Karen Yuan / The Atlantic

Today’s Issue:

  • “We are obsessed with the idea of the individual overcoming the odds. I’m drawn to that story, too, but that story is bullshit,” the writer Kiese Laymon told us.
  • Heavy, by Kiese Laymon, was our December Book Club selection. Laymon joined us to discuss the compulsion for black Americans to appear successful—and the damage that can do to the nation.
  • In the new year, we’re taking a brief break from the Masthead Book Club to work on some exciting changes. Stay tuned.

The Unbearable Heaviness of Being

Kiese Laymon is successful. He’s a professor of English and creative writing at the University of Mississippi. His new memoir was named a best book of 2018 by The New York Times, NPR, and The Washington Post, among others. But Heavy isn’t supposed to be a feel-good story. Laymon’s writing rejects empty platitudes in a time when the nation is afraid to reckon with the problems it still embodies.

By honestly charting the pain of a poor black boy growing up in Jackson, Mississippi—pain that persisted even after winning acceptance to elite universities—Laymon uncovers “the failure to confront the myths, half-truths, and lies at the foundation of the success stories that the nation worships,” as Christopher J. Lebron wrote in The Atlantic’s November issue. One myth: that members of a vulnerable population can always transcend their circumstances. Early on, they’re defined by them, Laymon writes.

My body knew things my mouth and my mind couldn’t, or maybe wouldn’t, express. It knew that all over my neighborhood, boys were trained to harm girls in ways girls could never harm boys, straight kids were trained to harm queer kids in ways queer kids could never harm straight kids, men were trained to harm women in ways women could never harm men, parents were trained to harm children in ways children would never harm parents, babysitters were trained to harm kids in ways kids could never harm babysitters. My body knew white folk were trained to harm us in ways we could never harm them. I didn’t know how to tell you or anyone else the stories my body told me, but, like you, I knew how to run, deflect, and duck.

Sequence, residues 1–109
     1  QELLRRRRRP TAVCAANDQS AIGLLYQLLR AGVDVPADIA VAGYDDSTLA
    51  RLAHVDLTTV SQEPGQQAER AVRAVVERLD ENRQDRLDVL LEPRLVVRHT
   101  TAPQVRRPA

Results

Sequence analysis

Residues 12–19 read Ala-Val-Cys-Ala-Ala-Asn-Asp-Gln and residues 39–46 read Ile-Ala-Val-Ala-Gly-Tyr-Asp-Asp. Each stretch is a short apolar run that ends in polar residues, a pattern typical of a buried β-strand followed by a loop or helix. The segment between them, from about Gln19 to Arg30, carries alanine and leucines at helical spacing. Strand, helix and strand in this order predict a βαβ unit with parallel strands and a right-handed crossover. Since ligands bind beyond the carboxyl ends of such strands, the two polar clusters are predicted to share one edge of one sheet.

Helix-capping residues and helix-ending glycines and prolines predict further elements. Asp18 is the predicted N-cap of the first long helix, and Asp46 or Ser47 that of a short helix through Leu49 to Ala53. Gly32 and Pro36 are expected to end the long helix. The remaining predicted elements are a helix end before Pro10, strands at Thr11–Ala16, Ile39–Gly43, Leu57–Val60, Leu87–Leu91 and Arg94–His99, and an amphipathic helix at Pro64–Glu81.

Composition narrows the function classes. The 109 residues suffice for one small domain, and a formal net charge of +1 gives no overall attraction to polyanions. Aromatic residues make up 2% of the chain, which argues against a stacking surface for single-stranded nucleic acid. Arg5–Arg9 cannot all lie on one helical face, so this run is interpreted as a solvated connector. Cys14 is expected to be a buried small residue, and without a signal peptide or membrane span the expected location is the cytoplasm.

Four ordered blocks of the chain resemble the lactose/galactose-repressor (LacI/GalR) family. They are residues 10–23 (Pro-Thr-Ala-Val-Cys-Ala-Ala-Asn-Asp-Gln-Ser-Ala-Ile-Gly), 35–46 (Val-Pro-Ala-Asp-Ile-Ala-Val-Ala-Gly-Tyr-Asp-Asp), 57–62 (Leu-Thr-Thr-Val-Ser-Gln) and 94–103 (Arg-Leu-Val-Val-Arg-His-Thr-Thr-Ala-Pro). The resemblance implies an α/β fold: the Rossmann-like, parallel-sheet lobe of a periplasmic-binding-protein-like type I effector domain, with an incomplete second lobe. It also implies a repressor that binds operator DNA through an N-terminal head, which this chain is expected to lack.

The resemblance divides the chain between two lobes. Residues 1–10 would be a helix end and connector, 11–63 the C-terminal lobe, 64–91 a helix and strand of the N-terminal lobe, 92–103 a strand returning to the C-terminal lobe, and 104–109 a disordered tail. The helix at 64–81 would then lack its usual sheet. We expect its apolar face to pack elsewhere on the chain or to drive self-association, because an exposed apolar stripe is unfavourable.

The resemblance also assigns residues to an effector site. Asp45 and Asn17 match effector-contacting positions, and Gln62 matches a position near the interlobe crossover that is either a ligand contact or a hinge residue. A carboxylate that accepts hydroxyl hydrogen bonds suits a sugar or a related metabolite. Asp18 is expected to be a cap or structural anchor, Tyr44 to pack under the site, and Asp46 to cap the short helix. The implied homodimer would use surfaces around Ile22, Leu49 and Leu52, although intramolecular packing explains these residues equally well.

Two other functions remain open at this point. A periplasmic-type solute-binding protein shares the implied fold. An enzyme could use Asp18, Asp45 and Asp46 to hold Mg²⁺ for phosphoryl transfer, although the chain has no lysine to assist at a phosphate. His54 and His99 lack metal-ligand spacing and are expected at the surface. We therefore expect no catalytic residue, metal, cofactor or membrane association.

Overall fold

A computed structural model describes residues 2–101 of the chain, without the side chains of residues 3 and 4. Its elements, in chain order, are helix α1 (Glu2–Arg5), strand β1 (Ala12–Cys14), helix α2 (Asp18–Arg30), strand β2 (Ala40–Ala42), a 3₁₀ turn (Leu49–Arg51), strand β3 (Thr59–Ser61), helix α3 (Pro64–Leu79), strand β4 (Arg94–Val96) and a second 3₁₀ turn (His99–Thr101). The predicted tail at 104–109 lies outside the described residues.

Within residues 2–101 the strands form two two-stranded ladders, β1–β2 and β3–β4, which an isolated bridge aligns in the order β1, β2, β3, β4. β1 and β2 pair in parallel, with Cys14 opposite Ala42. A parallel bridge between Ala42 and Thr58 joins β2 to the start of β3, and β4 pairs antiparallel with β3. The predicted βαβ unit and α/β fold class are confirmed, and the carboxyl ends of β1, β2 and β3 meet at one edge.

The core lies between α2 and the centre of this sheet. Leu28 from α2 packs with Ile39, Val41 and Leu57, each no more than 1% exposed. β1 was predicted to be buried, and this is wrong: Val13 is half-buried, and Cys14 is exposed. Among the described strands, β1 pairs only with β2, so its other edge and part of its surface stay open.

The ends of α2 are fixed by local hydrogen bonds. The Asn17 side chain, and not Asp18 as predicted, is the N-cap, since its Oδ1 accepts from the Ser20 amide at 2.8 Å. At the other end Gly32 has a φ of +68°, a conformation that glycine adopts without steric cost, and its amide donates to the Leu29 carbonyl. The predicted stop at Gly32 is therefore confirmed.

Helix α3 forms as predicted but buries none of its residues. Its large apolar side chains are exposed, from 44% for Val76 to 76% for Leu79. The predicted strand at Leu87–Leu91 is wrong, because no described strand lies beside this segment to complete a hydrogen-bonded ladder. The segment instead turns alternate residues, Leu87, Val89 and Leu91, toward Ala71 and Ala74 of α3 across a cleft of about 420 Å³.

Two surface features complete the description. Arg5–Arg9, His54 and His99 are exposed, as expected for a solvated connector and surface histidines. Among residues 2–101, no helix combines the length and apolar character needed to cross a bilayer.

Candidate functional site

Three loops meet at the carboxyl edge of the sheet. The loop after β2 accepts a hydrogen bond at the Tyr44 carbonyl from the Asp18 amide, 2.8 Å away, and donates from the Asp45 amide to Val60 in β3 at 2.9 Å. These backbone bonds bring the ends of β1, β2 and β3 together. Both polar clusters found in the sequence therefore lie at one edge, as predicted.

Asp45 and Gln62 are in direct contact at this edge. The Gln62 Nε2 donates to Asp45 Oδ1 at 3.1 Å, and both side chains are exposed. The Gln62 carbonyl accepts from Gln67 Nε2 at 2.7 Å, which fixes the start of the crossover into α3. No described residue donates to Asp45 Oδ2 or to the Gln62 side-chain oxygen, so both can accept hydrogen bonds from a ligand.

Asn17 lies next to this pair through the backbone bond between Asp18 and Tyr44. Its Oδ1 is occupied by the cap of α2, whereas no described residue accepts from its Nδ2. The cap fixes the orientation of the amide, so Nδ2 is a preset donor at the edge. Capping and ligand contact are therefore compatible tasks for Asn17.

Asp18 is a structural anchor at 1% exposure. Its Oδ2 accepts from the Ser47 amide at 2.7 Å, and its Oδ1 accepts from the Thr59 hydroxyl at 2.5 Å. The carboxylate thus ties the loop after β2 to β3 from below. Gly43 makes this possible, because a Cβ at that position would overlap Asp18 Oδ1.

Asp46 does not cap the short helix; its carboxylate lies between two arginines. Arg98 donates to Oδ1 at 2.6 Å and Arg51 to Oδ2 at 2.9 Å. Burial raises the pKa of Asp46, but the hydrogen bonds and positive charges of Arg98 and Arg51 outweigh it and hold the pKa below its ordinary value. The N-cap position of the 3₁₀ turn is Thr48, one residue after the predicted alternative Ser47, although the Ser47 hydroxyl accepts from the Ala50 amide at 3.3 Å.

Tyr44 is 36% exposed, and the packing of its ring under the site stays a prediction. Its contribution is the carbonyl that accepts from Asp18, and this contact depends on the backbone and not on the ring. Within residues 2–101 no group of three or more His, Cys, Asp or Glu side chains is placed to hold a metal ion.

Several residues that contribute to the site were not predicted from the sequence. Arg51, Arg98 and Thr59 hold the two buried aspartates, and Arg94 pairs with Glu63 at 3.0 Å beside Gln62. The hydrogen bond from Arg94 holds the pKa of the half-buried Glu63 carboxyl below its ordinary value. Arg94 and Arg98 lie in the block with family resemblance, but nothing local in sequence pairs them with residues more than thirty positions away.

“I Wanted to Write an American Memoir. I Wanted to Write a Lie.”

Karen Yuan asked Kiese Laymon questions based on a member discussion in the forums. The questions are paraphrased below. Laymon’s responses have been edited for length and clarity.

Your mother taught you to act or speak while always thinking about what white people thought of you. How did that affect your upbringing?

I remember when my grandmother was washing the underwear and the clothes of a white family, the boy in that family said some stuff to me that was wholly disrespectful. But I knew I couldn’t step up to him, because if I stepped up to him, I would impact my grandma and her ability to not just feed herself, but to feed me and our family. So on a very personal level, I saw early on how whiteness and white power materially allowed white people to have things we didn’t. But on a psychological level, I also saw it through how my family talked to me. They would always tell me to try to be twice as good as white people. But I just didn’t see excellent white people. So I was like, Why do you want me to be twice as good as people who seem mediocre? I’m not saying all white people are mediocre at all. But I’m saying my momma was an example of excellence, my grandma was an example of excellence, but they never were like, I want you to be twice as good as me.

Your mother’s idea was that, if you become successful enough, you’ll be protected from the dangers of being black in America. What do you think about that hypothesis?

I understand where it comes from. I just don’t think it’s true. I’m not dissing people who feel that way. On one hand, I guess you can say, if you are employed and have money and you’re black, you’re in a less precarious position than if you don’t have money or a job and are black. But my mother’s belief was that education could save you from white supremacy. I saw for my momma that sometimes her education made her more of a target. Sometimes black women are seen as much more threatening if they are educated. I saw that in actual interactions with her and police officers. For me, big black men sometimes get privileged in our communities, but also punished outside of our communities, because we’re big and black and threatening.